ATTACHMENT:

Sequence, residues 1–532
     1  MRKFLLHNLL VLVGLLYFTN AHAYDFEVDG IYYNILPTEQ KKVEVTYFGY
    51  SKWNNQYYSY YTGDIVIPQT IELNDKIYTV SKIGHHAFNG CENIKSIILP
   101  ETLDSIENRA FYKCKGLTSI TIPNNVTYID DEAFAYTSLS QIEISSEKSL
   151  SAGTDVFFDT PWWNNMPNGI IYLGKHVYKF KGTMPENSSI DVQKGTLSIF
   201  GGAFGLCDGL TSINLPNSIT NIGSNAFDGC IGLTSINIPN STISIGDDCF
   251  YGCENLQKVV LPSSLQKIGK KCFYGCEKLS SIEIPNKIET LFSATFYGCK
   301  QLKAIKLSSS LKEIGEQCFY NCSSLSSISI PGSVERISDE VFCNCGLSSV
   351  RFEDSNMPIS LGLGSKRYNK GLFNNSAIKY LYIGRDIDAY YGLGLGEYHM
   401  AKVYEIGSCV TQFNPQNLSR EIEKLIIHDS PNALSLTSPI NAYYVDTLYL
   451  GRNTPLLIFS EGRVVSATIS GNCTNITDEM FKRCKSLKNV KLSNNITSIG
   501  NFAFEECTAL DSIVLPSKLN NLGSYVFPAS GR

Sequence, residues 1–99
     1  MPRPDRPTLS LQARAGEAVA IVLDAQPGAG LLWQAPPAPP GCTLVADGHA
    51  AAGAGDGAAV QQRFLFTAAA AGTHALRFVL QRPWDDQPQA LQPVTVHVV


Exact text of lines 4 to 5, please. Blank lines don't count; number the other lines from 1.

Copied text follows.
   101  ETLDSIENRA FYKCKGLTSI TIPNNVTYID DEAFAYTSLS QIEISSEKSL
   151  SAGTDVFFDT PWWNNMPNGI IYLGKHVYKF KGTMPENSSI DVQKGTLSIF